Steven Soderbergh is one of the most well-respected directors of our time, and for good reason. Accomplishments like winning a Best Director Academy Award for his work in Traffic, success in both Hollywood and independent film, as well as being the youngest recipient of a Palme d'Or for his first feature film sex, lies, and videotape not only prove that he is a talented artist, but that he was worked incredibly hard throughout his 28-year-long career.
And those 28 years of filmmaking certainly allowed him to experiment with the art form and put his ideas into practice, resulting in a cinematic style that can be recognized by not only fans of his work, but passersby that stop to look and can't look away. In video essay below, ScreenPrism guides us through a long list of trademarks that make up this unique style of both visual and narrative storytelling.
Here are the trademarks mentioned in the video:
- Audio starts before visuals
- Focus on character
- Sustained close-ups
- Voyeuristic perspective
- Long, smooth follow shots
- Obstructed and over-the-shoulder shots
- Skips conventional and establishing shots
- Jump cuts for pace
- Handheld, documentary feel
- Marginalized and taboo worlds
- Personal take on the political and social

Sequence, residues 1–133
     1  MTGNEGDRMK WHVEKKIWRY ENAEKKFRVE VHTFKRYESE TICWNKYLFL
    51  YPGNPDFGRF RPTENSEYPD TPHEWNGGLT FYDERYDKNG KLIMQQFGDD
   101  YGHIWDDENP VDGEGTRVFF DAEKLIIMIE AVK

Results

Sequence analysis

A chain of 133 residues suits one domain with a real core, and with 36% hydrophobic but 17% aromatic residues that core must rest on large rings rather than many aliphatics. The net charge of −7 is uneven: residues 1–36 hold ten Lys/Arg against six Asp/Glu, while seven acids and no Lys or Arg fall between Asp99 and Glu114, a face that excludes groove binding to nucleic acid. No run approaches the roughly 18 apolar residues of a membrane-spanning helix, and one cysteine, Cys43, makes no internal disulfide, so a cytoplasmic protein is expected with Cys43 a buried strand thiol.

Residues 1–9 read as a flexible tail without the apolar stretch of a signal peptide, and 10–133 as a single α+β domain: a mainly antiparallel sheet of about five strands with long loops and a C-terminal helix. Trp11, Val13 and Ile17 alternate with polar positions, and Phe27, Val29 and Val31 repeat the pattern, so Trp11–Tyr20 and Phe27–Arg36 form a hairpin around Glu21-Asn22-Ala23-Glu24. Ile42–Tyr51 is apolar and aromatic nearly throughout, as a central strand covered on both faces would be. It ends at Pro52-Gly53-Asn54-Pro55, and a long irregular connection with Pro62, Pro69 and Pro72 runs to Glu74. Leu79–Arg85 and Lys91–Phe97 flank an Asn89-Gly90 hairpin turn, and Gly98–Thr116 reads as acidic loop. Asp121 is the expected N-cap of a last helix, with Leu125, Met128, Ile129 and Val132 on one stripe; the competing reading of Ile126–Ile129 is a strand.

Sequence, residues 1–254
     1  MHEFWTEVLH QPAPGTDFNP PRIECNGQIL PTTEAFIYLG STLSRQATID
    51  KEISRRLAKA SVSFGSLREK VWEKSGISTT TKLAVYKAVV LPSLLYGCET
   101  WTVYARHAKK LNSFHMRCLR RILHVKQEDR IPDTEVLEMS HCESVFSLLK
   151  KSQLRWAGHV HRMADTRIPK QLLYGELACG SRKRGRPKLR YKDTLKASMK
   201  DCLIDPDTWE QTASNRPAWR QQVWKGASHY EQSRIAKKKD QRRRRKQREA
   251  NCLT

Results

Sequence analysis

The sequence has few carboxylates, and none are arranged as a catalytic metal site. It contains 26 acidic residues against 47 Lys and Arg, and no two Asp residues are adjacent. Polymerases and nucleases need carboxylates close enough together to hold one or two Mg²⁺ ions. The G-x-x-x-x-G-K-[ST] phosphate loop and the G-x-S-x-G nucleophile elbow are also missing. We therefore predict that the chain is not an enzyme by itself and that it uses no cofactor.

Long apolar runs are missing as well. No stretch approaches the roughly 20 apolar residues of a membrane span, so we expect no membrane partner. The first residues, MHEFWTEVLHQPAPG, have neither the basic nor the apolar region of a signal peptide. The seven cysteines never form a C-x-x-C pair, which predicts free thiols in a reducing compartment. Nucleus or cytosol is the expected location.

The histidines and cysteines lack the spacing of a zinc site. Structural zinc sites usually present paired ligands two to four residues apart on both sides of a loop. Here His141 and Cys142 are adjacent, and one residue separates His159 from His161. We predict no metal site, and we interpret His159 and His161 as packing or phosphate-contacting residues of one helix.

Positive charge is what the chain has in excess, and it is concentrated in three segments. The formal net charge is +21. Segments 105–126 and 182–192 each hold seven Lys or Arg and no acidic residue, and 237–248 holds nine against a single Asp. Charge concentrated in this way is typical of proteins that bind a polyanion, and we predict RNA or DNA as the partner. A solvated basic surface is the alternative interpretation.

- Characters on a mission
- Experimental indies
- Wears multiple hats
- Combines genres
- Humor through counterpoint
- Blue and yellow washes
- Themes of vengeance and justice
- Mixed, unresolved endings
Whether you're a fan of Soderbergh's or not, it'd be difficult to deny how influential his work has been. Some say the release and unexpected success of his debut film sex, lies, and videotape marked the beginning of the independent film movement, and even more praise him for his devotion to making indie films despite his knack for directing Hollywood tentpoles, like Ocean's Eleven.
But regardless of whether he makes a giant blockbuster starring George Clooney and Channing Tatum or some obscure indie flick starring George Clooney and Channing Tatum, Soderbergh's visual style and narrative sensibilities have a way of rising to the top, which is why it's pretty easy to spot a Soderbergh movie—if you know what to look for.